Monday, April 16, 2012 6:26am CDT


34 degrees F     Rain    Wind 22mph N


On a miserably cold, windy and rainy Monday morning, two loons bob in the waves just out from the nest.

They seem to be content to just bob up and down on the waves.  Everyone else is huddled up against the wind and the cold.  Winter has returned.

But at least so far, this is no snow accumulation as was predicted, although I have seen some snow flurries.  Ahhhh, yes!  "The Theatre of Seasons"!

Not too much further north, there has been accumulation of snow.

But with the temperatures here, this rain could still turn to more snow that sticks to the ground.  And the nest.  The weather man had been predicting accumulations of up to one inch of snow.

You were probably as disoriented as I was this morning when you first saw the new view from the camera.

After being told that the camera was zoomed out as far as it could go, the 'miracle workers' have apparently found a way to zoom out further.  This morning you are seeing much more of the lake.  For those of you who get motion sickness, you may want to get a new prescription of Dramamine!

My first reaction when I saw the new view was "Oh no.  The wind and waves have dislodged the camera!"  But as I look closer, I think/hope that the camera is still firmly mounted and that we are truly just looking at an expanded view that has been zoomed out.  Thanks guys!

We still have strong winds from the storm systems that are moving through the central part of the country and the waves that they produce are bouncing the nest around pretty good.  Usually that does not seem to be a detriment to the loons.  They are used to bouncing up and down on waves.  And I don't think one of them has ever gotten seasick.

Their human counterparts - that may be a different story!

A lot happened yesterday.

The biggest thing was that the loons mated on the nest several times yesterday.

They are spending much more time around the nest this morning than they have previously.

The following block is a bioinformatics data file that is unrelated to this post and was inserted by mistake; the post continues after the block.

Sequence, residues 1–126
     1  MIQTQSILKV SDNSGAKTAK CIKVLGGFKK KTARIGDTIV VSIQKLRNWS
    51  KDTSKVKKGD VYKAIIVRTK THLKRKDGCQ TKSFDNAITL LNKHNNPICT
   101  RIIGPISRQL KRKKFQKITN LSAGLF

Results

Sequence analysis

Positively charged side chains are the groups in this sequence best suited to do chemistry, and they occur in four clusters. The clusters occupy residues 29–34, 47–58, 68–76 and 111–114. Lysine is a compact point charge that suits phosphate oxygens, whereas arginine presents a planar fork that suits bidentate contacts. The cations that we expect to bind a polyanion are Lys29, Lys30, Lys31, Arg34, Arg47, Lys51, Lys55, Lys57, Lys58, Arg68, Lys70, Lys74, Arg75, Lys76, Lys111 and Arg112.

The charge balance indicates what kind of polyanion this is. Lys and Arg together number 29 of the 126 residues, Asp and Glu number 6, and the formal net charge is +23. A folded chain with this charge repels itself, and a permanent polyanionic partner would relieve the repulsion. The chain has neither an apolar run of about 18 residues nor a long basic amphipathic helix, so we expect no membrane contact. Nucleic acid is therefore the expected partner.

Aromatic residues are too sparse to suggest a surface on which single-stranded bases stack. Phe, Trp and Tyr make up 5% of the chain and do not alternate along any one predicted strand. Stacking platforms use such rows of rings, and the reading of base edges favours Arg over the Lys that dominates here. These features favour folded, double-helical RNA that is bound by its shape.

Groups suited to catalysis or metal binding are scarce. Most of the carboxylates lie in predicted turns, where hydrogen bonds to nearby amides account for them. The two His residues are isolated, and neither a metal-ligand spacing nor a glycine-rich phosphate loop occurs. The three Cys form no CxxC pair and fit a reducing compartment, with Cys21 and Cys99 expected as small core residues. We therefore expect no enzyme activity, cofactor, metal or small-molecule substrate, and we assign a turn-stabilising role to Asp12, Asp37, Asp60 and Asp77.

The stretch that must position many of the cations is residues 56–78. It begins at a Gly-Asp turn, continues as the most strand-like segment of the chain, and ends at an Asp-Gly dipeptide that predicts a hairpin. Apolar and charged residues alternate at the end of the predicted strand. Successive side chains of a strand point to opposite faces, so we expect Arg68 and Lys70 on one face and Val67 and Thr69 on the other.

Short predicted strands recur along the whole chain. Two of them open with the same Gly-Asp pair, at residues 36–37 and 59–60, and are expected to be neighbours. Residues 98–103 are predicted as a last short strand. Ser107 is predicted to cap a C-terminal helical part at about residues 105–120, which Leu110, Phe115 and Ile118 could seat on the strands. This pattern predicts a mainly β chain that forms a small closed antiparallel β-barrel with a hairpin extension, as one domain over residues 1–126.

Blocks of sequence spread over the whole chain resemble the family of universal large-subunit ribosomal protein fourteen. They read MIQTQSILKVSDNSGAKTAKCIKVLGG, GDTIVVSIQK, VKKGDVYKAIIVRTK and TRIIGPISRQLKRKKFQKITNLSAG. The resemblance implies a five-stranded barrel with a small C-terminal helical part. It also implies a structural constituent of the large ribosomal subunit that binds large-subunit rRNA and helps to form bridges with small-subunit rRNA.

That is the most encouraging sign yet that they are definitely taking ownership of the nest and that we may see more serious nest-building activity soon.

That is, if the nest survives!

One of the dangers in this kind of wind and waves is that the nesting material will just wash away.

So far things seem to be holding together.

It has been a problem in previous years where some of the nesting material has washed away.  And that is also a real problem with loon nests in the wild.  Sometime nests just plain wash away.  Even with loons and eggs on them.  This is especially true in lakes where the water level changes dramatically.

If the water level rises, it can literally inundate and drown a nest.  If the water level goes down dramatically, it is possible that the loons would not be able to get up on the nest.  These are things that happen every day in the wild but that we never see.  And since we never see it, we never stop to think about it happening.

One of the advantages of a floating nesting platform like this is that it can adjust to either rising or falling lake levels and protect the nest from either drowning or being left high and dry and inaccessible.  By rising and falling with the waves, it also helps to minimize the washing away of nesting material a little bit.

But even with all of that, there are no guarantees.  The nest is still vulnerable.

As you watch the waves this morning, you will see some waves that actually break over the nest or spray water high over the nest.

Oh what the loons have to put up with that we never even think about.

The last couple nights we have also had our old friend, Mr Muskrat, back.

He has been up on the nest several times running back and forth.  I am not sure what he finds so interesting about the nest.  But he sure seems to like to 'inspect' everything.

I don't worry about what he might do to the loons.  He is the one who is danger if he gets too close to the sharp beak of a loon.  I heard some gnawing sounds last night I think.  It was hard to tell with the noise of the wind and the loon nest rocking on the waves.  But my biggest concern about the muskrat is that he would gnaw through the cables coming from the camera.  If that happens after the loons are on the nest, that would be the end of our viewing for the year.

So we need loons up on the nest to convince the muskrat that this is not a safe or friendly place for him to be.

The forecast is for much of this week to be rainy and cold.

What is the old saying?  'April showers bring May flowers'!

So today, we wait for May flowers.  And sunshine.




Comments or Questions?   LoonCam(at)yahoo(dot)com